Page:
They just can't seem to complete the project or make it to the event on time—so what do you do?

By Real Simple
Updated June 18, 2015
Peter Dazeley/Getty Images

Every week on "I Want to Like You," host and Real Simple editor Kristin van Ogtrop calls in the experts to discuss an annoying persona, and how to deal—this week is the procrastinator. She is joined by Joseph Ferrari, social psychologist at DePaul University and author of Still Procrastinating? ($13,, and Lydia Ramsey, business etiquette expert and author of Manners That Sell ($23,, who both offer insights about why people seem to wait until the last minute, and how to motivate them to change.

Ferrari makes an important distinction: "Everybody procrastinates, but not everyone's a procrastinator." In his research, he's found that 20 to 25 percent of men and women are chronic procrastinators, which has become a maladaptive lifestyle habit they cannot overcome. Much of it is motivated by fear—they might be afraid to fail at a project, so they delay its completion indefinitely, eliminating the possibility of failure (in their eyes). Understanding that procrastination can be a deeper issue than just racing against the clock, Ferrari and Ramsey offer constructive ways to help a friend, family member, or coworker.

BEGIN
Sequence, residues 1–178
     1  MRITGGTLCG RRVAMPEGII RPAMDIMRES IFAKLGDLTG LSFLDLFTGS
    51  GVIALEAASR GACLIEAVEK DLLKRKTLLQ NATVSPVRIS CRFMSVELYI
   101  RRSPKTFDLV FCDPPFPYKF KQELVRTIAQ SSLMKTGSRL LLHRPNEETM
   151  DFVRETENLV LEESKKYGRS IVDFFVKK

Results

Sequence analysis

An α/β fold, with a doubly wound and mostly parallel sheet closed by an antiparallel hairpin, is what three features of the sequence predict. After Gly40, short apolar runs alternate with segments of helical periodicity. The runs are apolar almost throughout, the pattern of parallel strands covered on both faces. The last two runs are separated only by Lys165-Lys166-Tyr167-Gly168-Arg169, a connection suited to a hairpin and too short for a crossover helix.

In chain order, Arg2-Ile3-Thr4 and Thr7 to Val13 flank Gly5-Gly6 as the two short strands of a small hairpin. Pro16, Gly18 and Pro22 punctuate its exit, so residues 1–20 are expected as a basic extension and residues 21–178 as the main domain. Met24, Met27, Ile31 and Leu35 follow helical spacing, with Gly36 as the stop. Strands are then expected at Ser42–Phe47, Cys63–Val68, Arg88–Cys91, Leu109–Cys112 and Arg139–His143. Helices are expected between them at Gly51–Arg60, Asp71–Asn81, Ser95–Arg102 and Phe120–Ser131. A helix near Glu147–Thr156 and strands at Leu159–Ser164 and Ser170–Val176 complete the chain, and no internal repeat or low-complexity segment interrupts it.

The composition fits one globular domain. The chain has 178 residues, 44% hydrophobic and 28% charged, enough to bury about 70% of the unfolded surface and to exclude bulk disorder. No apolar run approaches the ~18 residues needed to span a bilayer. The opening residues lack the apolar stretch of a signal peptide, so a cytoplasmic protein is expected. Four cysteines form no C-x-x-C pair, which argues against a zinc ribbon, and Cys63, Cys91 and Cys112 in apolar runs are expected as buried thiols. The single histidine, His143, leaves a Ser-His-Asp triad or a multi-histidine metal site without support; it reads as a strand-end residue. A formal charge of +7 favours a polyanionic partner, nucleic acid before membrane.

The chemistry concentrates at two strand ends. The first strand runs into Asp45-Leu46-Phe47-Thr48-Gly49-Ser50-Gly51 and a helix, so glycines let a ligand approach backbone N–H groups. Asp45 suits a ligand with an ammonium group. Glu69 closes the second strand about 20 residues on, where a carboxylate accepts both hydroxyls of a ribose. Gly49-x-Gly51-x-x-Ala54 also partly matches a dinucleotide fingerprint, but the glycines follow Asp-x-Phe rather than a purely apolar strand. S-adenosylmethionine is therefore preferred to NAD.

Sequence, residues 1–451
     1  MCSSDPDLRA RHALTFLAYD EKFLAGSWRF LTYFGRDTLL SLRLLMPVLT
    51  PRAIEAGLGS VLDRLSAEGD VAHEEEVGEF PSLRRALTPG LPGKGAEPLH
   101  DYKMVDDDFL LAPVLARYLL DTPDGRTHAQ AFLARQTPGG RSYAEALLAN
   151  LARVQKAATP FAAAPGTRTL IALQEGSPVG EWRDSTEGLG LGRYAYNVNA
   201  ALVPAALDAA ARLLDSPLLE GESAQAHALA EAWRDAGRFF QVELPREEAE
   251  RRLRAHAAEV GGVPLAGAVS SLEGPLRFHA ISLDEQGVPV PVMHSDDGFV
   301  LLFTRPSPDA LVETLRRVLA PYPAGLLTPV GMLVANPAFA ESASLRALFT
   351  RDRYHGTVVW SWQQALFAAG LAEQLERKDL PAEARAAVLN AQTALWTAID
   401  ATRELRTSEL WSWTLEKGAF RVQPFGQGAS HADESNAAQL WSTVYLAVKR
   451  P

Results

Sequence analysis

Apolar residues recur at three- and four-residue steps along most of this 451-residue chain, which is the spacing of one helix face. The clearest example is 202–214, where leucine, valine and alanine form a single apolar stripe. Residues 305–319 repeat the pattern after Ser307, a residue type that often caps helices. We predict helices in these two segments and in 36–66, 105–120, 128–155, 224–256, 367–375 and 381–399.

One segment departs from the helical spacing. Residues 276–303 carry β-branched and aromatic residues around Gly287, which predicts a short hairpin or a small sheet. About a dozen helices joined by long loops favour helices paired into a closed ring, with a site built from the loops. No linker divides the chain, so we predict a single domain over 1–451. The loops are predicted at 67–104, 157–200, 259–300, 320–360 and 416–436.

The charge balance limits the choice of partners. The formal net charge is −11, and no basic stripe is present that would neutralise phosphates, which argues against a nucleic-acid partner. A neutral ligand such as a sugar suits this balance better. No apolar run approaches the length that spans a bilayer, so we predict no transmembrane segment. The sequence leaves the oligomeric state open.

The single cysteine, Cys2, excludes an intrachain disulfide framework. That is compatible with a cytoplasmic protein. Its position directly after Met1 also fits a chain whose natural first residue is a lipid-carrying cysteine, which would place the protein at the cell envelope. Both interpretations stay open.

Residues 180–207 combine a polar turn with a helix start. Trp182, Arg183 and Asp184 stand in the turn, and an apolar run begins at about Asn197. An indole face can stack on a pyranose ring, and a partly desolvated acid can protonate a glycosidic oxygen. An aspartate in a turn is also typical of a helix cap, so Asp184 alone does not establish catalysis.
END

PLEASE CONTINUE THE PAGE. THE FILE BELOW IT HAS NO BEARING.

For that advice and more, listen to the full episode below, and don't forget to subscribe and review the show on iTunes.